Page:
Photo of the day: Seafood and Kimchi pancake in Myeongdong. Photo credit: Aaron. 

We have come to our last day in Seoul. We were hoping to grab some brunch on this sunny Saturday, so we headed over to Itaewon, back where we began. Not surprisingly, this expat-friendly area, has plenty of western brunch places to chose from. We even saw a “Canadian restaurant” and were curious as to what they would serve. Their menu included pancakes, bacon and poutine. Interesting.

A Canadian restaurant for those home sick Canadians in Seoul.
A Canadian restaurant for those home sick Canadians in Seoul.

Our restaurant of choice was Suji’s. Unfortunately, it looks like it has closed. Luckily, right down the block from where it should have been, we saw some attractive brunch items being advertised. Most importantly, it was a restaurant specializing in churros. We later found out it was the same churros as the ones we had last night – from the street vendor with the same name, Street Churros. Aaron ordered the American breakfast with churro and I had the club sandwich which came with churro fries. Aaron’s breakfast was ok but what really brought the meal to life was the churro. My sandwich was very tasty, which I attributed it to the mayo and the sausage patties they used. The churro fries were also amazing, especially when dipped in the plum sauce provided. We hung out there a little longer to get some work done and people watched. There were many kids on the street this pleasant morning with the temperatures finally above 0 C. We also noticed many people holding white flowers, but had no idea why. Does anyone know?

We couldn't say no to a churros restaurant.
We couldn’t say no to a churros restaurant.
 American breakfast with churro @ Street Churros. Photo credit: Aaron.
American breakfast with churro @ Street Churros. Photo credit: Aaron.
Club sandwich @ Street Churros.
Club sandwich @ Street Churros.

We walked around Itaewon seeing what it was like during the day. It was still busy but not as lively as it was at night. Some of the popular restaurants already had many people lining up outside of it at 4-5pm.

We then went over to Myeongdong to meet up with Aaron’s cousin, who previously studied in Seoul. While waiting for her, we decided to try a few more street food items. I saw Mike Chen  eating the cheese skewers the other day and was curious as to how good it really was. The skewers consisted of a light cheese alternating with rice cakes, drizzled with condensed milk. It was not bad but also not as mind-blowing as I had expected.

Cheese skewers in Myeongdong.
Cheese skewers in Myeongdong.

We were thirsty and were hoping to buy some pomegranate juice but found out it was 6000 KRW! This was 3 times of the price of those we got in Thailand, so we decided to get some Sikhye instead. Aaron has been seeing many people with tall soft serve cones and we finally found the stall for it, so we went ahead and got the 32” mixed cone. The soft-serve was not the most delicious, so it was more for novelty. We did not even end up finishing it.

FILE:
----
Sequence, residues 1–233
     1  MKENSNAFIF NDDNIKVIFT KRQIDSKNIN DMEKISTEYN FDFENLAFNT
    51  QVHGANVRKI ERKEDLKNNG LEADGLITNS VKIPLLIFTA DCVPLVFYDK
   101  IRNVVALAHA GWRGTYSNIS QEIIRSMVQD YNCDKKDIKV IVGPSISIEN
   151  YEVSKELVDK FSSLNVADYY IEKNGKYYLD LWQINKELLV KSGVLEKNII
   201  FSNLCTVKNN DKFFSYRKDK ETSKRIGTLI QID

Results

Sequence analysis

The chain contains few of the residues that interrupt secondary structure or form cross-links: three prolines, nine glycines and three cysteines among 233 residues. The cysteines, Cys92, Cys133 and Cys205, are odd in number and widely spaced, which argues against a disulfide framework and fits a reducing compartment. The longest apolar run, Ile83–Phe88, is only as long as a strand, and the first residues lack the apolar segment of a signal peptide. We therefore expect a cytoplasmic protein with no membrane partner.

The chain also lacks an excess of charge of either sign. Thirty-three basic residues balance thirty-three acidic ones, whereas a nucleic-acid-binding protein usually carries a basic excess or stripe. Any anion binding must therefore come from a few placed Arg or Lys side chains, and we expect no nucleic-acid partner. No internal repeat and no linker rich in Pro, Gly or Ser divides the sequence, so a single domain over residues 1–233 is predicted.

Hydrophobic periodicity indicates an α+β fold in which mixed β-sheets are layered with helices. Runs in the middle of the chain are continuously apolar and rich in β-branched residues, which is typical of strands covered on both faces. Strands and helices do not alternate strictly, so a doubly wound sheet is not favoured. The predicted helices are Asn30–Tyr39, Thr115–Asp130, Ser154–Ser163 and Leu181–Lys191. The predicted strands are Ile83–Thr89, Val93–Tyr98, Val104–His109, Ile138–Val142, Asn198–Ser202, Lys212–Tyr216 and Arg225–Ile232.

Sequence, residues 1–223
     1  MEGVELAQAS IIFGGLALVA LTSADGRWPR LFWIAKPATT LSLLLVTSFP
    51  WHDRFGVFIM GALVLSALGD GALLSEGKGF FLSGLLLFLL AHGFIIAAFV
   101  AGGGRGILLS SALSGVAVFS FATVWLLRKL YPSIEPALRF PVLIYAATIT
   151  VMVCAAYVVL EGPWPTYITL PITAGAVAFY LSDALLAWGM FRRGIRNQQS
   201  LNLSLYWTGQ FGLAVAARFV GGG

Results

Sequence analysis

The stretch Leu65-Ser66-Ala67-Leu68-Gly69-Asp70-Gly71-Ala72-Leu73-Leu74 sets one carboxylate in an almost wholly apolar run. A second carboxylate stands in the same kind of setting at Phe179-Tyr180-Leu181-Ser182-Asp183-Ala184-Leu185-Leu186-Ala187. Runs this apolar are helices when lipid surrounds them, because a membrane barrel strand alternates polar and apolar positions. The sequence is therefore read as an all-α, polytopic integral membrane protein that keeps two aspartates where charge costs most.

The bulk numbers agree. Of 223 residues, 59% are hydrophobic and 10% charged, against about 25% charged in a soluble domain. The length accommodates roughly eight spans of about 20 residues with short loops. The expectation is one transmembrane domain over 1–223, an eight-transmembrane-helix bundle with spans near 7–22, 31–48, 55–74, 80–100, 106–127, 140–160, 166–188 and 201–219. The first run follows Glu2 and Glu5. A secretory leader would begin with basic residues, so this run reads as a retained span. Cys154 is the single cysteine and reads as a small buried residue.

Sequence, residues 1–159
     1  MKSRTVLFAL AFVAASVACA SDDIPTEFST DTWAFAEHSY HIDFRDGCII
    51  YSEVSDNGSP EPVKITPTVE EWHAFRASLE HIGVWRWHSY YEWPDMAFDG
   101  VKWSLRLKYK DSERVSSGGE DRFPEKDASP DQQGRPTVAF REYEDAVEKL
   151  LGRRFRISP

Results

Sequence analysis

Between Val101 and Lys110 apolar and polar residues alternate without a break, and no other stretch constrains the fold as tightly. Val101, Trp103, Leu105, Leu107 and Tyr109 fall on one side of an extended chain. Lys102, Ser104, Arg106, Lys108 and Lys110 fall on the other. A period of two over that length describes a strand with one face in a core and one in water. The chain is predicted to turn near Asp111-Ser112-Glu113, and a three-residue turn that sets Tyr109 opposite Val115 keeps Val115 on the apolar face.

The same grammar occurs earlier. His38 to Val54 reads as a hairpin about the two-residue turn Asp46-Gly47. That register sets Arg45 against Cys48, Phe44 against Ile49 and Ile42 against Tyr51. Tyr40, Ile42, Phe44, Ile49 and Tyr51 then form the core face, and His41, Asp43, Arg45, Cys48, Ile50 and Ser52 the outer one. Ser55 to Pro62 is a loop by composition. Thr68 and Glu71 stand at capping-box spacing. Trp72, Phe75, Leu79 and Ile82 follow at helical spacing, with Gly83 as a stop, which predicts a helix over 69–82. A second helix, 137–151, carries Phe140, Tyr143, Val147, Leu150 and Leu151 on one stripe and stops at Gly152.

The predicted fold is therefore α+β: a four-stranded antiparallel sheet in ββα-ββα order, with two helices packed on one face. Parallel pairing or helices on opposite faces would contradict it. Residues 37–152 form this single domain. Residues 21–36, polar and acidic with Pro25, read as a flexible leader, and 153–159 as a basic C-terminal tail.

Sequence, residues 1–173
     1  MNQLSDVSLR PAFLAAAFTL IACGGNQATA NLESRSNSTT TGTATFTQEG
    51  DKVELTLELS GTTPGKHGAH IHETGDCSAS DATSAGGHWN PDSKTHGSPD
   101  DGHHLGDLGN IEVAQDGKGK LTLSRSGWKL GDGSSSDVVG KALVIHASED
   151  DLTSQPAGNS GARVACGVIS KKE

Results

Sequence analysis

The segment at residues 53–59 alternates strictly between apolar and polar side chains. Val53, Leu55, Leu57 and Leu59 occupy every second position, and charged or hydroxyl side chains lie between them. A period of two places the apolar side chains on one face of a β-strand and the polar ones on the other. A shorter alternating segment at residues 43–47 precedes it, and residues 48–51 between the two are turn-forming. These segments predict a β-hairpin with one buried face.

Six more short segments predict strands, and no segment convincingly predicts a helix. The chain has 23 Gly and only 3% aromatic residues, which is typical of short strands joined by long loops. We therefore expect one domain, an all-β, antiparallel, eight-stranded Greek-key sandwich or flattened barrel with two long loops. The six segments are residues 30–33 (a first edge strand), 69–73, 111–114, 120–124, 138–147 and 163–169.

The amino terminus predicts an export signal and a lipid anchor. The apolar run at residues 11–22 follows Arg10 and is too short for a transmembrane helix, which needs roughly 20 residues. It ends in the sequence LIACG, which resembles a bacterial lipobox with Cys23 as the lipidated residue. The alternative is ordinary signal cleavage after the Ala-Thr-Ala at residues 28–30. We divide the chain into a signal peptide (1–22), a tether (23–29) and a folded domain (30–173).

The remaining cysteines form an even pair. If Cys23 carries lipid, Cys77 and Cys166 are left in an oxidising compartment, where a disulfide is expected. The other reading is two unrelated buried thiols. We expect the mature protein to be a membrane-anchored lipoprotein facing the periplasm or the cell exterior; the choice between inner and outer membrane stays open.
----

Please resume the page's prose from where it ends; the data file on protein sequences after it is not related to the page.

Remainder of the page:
32" soft serve in Myeongdong.
32″ soft serve in Myeongdong.

Aaron heard me mumbling in my sleep last night that we still have yet to try the Korean pancakes here, so we got a mixed plate of the seafood and kimchi pancakes (see featured image). I preferred the seafood pancake but felt that both were too oily.
We were hoping to get dinner with Aaron’s cousin but by the time she arrived, we were full from all the street food we had. She wanted to show us around and brought us to Samcheongdong. She said it was close to Insadong and the palaces and is a nice street to walk along. We got out of Anguk station and were suddenly surrounded by a squad of policemen. We walked out and there were more on the streets. We kept walking and some the streets were blocked off by big buses, which had even more policemen in them. By this point, we were very curious as to what was going on. We heard some chanting in the distance as well as some people with flags and banners. We deduced there was a large protest happening. According to Aaron’s cousin, the people here are very passionate. They would hold large protests until the government acts. She was disappointed that the view of the nice streets are currently blocked off by the large buses but it is also not everyday that you will witness so many policemen on the street, at almost every corner we walked. We decided to sit down at Hansik for some food. We ordered the beef tartare Bibimbap, spicy beef brisket and tripe soup and Bulgogi stew. We also tried their Makgeolli. The food was alright. I was surprised that the spicy beef soup had full-on intestines and not tripe as I had expected. I was not a fan of that. The Makgeolli was sour, and not sweet at all compared to the previous Makgeolli’s we’ve had. As the night progressed, the policeman formed a line in front of the restaurant, so we were advised we should probably leave now or else we might not be able to leave later.

 

Bulgogi stew @ Hansik. Photo credit: Aaron.
Bulgogi stew @ Hansik. Photo credit: Aaron.
 Beef tartare Bibimbap @ Hansik. Photo credit: Aaron.
Beef tartare Bibimbap @ Hansik. Photo credit: Aaron.
 Spicy beef brisket and
Spicy beef brisket and “tripe” soup @ Hansik. Photo credit: Aaron.

We ended the night with some last minute shopping at Lotte Mart, then headed back to our place for some leftover Makgeolli from last night before getting to work to start packing for tomorrow. It was definitely more challenging to pack this time around, after having visited the shopping-obsessed city of Seoul.

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5 thoughts on “Asia Day 50: Last day in Seoul

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